Duplicacy is my new backup solution (after CrashPlan shut down)

Image result for duplicacy logo

I have been using Crashplan as my backup tool since February 2015. At the time, I bought into their four year family plan (=multiple computers) for 429.99 USD. But Crashplan turned out to be a memory hog (especially if you have a multi-terrabyte harddrive) and it was clear that I want a better solution so I started looking for an alternative in 2016, one year before the subscription was supposed to end. I focused on software solutions that would allow me to back up to whichever storage I want so that I would be in better control of my data (Crashplan at some point deleted an entire backup of mine because the computer it was associated with hadn’t backed up anything for more than six months. Apparently it was in line with their Terms of Service, but deleting backups is not a goof thing to do for a backup company).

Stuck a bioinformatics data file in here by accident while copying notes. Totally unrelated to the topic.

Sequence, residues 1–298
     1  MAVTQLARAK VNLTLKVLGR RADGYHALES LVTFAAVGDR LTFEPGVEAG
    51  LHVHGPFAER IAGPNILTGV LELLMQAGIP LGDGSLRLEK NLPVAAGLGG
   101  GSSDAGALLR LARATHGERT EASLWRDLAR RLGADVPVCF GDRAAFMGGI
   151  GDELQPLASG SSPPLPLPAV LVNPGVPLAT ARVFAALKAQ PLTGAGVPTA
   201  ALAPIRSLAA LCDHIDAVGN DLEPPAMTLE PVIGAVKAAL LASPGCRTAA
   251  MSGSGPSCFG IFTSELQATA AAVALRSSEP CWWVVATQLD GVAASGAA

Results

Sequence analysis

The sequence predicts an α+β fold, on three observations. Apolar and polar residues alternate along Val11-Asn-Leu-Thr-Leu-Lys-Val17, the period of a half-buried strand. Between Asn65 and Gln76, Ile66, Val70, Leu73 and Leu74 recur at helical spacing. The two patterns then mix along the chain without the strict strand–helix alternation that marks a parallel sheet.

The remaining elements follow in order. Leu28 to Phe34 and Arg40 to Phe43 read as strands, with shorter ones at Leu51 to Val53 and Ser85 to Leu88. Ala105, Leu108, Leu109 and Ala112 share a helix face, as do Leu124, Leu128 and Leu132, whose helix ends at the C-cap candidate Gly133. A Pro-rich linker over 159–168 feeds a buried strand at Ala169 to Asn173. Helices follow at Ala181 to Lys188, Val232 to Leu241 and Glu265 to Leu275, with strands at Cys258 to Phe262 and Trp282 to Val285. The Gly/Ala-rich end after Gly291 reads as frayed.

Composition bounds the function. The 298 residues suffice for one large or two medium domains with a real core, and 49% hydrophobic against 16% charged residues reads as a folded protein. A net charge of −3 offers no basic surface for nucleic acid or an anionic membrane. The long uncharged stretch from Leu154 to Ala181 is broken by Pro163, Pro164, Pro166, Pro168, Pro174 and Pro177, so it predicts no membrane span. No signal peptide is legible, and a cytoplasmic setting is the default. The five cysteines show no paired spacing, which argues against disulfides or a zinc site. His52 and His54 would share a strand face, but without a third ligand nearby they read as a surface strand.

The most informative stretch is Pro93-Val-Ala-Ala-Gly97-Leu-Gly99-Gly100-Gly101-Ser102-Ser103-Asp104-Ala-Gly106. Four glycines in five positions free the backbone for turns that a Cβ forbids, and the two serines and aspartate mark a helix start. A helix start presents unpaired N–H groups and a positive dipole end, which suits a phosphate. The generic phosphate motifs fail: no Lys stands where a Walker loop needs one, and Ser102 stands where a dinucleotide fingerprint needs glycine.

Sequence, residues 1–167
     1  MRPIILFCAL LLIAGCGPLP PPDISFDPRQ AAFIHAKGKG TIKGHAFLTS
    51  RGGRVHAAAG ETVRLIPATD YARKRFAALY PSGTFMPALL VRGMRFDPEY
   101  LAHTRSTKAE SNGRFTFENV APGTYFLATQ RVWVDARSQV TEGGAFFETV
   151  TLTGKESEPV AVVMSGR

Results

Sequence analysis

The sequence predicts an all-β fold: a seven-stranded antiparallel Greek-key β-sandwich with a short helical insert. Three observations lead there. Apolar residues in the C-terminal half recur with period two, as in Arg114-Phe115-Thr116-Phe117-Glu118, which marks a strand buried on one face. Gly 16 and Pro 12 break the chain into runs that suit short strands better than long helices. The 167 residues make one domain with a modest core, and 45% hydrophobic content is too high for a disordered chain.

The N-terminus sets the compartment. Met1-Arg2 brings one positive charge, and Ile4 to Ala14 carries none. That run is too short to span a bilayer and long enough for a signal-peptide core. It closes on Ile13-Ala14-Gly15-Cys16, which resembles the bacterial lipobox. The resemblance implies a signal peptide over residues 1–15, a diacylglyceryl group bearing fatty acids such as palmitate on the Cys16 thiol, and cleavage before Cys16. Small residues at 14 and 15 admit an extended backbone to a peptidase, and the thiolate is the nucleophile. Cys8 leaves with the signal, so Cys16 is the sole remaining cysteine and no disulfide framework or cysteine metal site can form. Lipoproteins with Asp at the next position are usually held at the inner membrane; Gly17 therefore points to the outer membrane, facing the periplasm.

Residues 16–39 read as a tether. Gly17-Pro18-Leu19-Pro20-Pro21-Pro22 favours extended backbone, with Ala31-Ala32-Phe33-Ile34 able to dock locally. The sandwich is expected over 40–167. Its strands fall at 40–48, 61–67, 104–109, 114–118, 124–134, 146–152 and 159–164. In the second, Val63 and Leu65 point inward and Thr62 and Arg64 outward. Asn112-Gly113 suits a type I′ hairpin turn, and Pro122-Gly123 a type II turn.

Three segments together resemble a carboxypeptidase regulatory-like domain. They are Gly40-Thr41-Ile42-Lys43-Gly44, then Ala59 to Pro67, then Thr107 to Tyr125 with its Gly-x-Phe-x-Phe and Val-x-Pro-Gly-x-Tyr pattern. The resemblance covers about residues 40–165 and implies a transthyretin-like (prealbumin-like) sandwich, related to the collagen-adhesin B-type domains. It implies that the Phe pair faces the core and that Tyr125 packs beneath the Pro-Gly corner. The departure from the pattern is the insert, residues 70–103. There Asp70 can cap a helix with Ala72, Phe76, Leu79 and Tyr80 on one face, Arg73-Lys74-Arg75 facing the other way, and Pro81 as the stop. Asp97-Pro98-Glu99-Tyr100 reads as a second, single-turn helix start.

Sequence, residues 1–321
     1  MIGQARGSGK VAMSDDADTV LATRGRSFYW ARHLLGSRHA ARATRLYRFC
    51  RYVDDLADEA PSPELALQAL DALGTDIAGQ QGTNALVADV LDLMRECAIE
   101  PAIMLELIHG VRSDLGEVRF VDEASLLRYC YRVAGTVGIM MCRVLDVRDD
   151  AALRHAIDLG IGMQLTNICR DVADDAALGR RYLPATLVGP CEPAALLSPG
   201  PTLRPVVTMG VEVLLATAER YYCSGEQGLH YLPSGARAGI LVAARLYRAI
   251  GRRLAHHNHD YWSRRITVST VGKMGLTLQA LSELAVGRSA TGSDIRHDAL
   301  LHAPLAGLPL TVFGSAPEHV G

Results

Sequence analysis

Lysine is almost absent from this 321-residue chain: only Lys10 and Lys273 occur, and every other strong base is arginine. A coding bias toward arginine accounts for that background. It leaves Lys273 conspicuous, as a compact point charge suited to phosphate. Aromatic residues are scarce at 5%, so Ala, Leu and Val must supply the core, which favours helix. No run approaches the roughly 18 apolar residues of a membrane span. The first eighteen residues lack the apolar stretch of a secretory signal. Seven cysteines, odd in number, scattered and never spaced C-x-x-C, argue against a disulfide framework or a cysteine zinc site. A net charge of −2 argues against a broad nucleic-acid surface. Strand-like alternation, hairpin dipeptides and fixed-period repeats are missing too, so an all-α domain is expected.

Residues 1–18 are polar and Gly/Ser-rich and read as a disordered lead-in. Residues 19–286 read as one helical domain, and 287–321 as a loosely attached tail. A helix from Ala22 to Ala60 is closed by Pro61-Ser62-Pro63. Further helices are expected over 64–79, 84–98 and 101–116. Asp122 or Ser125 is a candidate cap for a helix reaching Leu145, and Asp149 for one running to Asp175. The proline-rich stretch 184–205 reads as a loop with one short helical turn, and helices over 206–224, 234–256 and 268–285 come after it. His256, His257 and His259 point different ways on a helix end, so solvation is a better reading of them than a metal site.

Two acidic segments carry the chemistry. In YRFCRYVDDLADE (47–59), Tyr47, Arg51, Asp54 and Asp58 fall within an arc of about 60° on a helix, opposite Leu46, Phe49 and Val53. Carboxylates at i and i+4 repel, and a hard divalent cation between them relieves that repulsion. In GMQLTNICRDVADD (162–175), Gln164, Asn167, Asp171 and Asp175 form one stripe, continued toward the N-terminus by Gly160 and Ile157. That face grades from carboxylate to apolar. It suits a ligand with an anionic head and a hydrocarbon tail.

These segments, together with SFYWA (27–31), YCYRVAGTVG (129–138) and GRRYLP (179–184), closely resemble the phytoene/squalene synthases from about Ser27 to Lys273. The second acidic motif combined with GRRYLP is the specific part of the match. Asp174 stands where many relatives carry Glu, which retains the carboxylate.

I spend a lot of time testing various solutions, including Arq, Goodsync, Cloudberry, SyncBackPro and Syncovery. Goodsync, Cloudberry and SyncBackPro were out pretty quickly [Note that the notes about those three are from 2016 and things may have changed]:

Cloudberry cannot handle backups larger than 1TB unless you buy the enterprise version for 300 USD. It’s crazy!

Goodsync had crap customer service (reasonably fast response, but useless and not answering my question) and it was designed more for syncing than for backing up (although backing up is possible).

With SyncbackPro, the restore process seemed rather complicated and once a folder is selected as the source, you cannot add other folders to that backup job. (Well actually you can change the source folder and the original stuff in the backup will remain but will no longer be backed up.)